I have been saying for months that all of the foreclosures are not due to the mortgage meltdown. There are far more homeowners who have had their homes for nearly fifteen years who have fallen victim to the economy.
Companies are downsizing if not going out of business and that has a direct impact on one's ability to meet financial obligations. The New York Times article Spending Stalls and Businesses Slash U.S. Jobs provides a perfect illustration of what is happening. Over the last two weeks Merck, Yahoo, General Electric, Xerox, Pratt & Whitney, Goldman Sachs, Whirlpool, Bank of America, Alcoa, Coca-Cola, the Detroit automakers and nearly all the airlines have announced plans to layoff employees. The financial industry is reported to have been cutting jobs since last summer, with another 300,000 to be potentially lost.
Many of these people have played by the rules and in some cases their may be a severance package and unemployment. The problem is that the unemployment benefits are limted and don't cover much of what it costs to live day to day and severance packages will run out, before many of these people are gainfully employed.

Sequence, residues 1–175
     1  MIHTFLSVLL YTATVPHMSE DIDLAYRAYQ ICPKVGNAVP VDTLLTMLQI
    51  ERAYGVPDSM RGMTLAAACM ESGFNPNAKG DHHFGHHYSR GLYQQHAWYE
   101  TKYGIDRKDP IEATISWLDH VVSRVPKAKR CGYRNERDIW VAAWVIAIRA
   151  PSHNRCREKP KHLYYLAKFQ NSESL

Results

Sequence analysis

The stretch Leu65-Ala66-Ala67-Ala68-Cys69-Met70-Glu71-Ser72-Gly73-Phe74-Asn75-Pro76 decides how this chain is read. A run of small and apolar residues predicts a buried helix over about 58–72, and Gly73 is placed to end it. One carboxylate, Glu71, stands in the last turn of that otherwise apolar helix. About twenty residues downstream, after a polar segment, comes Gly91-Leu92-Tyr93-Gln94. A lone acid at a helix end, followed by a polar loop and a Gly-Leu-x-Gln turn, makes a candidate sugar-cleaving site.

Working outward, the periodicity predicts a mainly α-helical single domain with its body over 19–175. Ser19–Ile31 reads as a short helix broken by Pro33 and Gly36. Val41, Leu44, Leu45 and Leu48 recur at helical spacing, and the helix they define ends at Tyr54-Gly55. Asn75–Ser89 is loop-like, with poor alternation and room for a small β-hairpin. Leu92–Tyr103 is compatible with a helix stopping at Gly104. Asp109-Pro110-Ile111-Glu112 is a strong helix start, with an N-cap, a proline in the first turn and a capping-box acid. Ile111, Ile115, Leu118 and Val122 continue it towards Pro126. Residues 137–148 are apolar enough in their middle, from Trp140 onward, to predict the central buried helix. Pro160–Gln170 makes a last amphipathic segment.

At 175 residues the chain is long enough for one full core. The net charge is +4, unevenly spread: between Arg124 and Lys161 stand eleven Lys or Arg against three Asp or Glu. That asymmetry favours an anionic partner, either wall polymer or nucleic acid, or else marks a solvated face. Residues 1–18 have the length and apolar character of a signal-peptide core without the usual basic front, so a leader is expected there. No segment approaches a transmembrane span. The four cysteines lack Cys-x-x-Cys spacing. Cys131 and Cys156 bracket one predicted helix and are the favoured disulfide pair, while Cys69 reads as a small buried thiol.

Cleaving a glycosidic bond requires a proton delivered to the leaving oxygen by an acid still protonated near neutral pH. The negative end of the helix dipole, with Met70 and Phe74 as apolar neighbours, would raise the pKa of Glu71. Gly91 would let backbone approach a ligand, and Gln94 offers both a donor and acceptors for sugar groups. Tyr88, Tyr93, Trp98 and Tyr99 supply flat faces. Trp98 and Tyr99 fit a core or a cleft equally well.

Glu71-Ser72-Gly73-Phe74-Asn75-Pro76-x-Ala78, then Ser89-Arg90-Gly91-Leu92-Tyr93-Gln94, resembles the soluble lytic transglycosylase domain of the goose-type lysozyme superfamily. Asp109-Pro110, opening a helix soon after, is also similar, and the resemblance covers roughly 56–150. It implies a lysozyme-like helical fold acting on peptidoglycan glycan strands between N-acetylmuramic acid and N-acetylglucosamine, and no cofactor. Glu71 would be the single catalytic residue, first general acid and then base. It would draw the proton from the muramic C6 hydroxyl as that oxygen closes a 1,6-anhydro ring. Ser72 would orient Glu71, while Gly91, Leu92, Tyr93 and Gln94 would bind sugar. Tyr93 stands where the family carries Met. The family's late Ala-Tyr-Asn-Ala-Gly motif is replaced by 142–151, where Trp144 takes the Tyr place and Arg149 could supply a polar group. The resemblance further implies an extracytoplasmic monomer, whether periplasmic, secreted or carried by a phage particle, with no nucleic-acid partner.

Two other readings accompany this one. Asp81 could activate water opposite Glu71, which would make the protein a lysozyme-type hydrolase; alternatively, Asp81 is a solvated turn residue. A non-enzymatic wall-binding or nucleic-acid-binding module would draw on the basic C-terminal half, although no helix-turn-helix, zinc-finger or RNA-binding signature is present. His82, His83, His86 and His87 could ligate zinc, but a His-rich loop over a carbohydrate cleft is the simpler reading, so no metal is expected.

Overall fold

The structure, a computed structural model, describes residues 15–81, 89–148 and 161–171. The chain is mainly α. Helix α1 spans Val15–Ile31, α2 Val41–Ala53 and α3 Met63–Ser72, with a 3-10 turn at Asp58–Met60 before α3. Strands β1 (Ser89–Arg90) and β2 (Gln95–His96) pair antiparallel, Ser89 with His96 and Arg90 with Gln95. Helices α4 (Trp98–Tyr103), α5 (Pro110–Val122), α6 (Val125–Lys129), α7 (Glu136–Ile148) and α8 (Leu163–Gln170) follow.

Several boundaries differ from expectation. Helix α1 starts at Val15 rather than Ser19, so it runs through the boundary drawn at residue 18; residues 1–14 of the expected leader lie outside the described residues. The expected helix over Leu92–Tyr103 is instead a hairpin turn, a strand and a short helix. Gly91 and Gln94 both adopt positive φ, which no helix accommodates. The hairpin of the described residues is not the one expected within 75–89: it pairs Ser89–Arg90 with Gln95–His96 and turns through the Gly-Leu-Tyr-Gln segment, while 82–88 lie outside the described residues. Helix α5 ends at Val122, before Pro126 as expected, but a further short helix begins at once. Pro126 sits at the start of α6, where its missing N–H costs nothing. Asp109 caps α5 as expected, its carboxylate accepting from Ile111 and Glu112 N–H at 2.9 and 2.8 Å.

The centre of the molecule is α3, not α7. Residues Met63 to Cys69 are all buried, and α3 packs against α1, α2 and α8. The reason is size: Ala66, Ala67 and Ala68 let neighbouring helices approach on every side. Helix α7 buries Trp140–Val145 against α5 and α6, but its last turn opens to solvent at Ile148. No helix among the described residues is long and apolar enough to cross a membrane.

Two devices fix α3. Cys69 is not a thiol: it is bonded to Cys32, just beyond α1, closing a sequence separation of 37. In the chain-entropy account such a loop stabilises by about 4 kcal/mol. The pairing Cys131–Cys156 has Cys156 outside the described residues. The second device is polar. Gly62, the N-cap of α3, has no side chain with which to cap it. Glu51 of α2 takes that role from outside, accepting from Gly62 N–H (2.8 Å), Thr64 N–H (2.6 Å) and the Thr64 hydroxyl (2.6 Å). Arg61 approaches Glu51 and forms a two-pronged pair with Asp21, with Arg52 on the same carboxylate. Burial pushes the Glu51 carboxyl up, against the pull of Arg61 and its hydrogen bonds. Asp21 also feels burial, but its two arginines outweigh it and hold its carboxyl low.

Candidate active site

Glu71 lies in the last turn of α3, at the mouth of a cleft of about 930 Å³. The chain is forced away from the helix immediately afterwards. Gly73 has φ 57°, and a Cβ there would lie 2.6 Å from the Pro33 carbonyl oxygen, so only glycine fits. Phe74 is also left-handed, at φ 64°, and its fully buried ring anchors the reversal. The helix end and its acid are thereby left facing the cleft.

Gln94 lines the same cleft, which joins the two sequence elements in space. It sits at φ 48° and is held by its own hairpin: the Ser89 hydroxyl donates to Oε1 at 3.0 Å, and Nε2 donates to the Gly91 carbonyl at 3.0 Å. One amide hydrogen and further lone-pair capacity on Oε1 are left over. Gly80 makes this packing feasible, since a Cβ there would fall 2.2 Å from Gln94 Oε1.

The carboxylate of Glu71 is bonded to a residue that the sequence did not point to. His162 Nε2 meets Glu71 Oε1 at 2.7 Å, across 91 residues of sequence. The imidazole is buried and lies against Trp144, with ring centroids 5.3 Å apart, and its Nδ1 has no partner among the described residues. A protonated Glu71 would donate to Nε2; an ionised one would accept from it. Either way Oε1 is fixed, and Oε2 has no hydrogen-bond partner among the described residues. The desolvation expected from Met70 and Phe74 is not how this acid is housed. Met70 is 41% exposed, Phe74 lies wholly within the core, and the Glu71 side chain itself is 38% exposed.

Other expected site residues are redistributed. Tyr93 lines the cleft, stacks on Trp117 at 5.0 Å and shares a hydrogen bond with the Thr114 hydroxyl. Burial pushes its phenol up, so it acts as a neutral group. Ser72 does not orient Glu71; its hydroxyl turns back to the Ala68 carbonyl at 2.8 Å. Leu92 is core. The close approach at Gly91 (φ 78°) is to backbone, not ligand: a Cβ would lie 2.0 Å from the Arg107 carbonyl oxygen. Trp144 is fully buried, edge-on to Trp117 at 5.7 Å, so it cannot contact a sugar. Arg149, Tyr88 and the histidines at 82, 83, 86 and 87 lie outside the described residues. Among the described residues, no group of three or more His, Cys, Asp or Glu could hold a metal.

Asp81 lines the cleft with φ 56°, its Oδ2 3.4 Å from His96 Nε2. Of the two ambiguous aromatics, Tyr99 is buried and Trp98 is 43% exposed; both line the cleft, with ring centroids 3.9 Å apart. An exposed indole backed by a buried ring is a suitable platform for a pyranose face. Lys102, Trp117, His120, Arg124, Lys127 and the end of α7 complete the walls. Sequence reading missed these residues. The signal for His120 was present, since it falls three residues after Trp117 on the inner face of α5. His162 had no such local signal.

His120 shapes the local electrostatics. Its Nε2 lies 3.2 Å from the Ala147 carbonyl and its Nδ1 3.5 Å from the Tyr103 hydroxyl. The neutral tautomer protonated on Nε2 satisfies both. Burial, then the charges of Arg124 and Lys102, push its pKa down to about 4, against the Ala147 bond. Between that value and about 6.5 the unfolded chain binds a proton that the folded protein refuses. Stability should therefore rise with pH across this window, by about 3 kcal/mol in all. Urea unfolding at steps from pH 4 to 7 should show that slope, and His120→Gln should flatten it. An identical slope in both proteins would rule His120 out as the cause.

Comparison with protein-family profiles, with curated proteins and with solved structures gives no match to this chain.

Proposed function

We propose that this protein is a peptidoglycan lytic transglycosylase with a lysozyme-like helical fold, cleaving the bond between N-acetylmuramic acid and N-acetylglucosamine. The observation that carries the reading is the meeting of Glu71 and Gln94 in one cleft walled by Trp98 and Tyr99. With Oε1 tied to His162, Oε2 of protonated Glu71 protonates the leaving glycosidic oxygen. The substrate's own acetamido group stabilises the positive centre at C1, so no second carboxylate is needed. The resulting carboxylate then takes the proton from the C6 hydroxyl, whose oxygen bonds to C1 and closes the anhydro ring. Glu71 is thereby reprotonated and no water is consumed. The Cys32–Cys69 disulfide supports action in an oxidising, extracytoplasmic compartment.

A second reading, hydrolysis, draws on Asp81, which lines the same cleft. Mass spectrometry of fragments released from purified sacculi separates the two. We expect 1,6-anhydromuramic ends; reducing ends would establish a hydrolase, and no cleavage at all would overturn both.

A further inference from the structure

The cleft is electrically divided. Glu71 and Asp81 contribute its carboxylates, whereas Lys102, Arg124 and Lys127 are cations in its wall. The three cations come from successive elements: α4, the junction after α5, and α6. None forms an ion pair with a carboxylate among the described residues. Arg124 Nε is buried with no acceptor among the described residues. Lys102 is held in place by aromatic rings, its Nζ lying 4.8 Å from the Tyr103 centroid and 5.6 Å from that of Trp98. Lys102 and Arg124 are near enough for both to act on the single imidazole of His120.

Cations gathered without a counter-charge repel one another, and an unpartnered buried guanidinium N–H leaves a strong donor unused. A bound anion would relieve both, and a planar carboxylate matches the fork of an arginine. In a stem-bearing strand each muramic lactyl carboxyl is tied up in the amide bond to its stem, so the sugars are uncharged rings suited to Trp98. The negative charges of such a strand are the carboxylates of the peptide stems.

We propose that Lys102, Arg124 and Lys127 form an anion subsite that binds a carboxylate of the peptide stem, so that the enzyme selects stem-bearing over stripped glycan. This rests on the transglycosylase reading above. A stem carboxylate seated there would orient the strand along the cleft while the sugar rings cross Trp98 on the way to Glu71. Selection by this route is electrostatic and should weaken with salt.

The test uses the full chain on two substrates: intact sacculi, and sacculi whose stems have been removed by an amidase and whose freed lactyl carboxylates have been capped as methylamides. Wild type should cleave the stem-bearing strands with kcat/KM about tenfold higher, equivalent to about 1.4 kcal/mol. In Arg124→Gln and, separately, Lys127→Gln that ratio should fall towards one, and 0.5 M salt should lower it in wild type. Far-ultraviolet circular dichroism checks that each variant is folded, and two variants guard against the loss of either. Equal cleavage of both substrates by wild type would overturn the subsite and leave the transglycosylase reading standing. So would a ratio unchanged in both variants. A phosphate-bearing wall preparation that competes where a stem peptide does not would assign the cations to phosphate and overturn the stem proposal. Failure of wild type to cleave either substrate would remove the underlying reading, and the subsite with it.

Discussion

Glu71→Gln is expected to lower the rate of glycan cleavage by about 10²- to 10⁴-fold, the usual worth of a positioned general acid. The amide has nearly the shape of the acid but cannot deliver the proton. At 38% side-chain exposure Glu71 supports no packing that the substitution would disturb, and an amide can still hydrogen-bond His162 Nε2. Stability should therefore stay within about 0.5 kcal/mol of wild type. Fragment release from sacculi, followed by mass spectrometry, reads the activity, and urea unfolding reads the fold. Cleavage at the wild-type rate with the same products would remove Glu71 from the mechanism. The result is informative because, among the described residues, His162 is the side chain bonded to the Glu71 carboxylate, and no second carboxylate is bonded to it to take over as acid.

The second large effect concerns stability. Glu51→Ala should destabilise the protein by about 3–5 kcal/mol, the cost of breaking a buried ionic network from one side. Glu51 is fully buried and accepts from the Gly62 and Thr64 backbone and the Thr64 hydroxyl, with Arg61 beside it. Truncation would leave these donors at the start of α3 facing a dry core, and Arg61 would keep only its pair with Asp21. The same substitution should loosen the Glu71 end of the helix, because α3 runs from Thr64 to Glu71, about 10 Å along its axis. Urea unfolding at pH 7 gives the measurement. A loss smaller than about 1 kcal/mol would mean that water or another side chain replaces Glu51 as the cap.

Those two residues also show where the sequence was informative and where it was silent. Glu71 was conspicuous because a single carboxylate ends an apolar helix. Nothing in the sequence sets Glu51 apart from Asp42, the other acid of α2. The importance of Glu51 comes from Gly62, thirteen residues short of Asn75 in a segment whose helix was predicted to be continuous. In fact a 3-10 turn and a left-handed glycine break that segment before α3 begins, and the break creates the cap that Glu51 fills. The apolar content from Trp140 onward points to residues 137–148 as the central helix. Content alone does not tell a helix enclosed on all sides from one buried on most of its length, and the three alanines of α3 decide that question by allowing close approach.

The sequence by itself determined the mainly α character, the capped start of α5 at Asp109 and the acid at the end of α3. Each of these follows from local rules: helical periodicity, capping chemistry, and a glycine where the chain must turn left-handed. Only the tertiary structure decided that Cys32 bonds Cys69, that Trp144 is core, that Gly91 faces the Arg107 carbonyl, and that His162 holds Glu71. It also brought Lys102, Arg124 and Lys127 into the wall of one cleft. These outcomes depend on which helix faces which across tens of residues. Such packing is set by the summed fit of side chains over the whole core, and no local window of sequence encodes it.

This is a national catastrophe and the cry for attention has gone unheard, until now. There may be an opportunity for homeowners facing foreclosure to realize a chance to save their home. Sheila Bair, the chairwoman of the Federal Deposit Insurance Corporation, confirmed that the F.D.I.C. is working with the Treasury to streamline the reworking of troubled mortgages, as reported in The New York Times article Help for Homeowners, at Last?
The aim is to make the loans affordable over the long term so that borrowers can avoid foreclosure and keep their homes.
Though details of the plan are not yet worked out, the outline calls for creating standardized criteria that would be used by mortgage servicers, the firms that handle collection and foreclosure proceedings for lenders and mortgage investors. Loans modified under the criteria would be eligible for a federal guarantee that would protect lenders and investors against default.
Ms. Bair comes with the experience of streamlining 60,000 IndyMac loans last summer. One can only hope and implore our representatives on capitol hill to provide a more comprehensive program to include those beyond the confines of sub-prime loans. For the sub-prime loans have given way to major layoffs nation wide throughout all industries, thereby jeopardizing many American's ability to pay their mortgage. Perhap Ms. Bair has a clue about what is needed.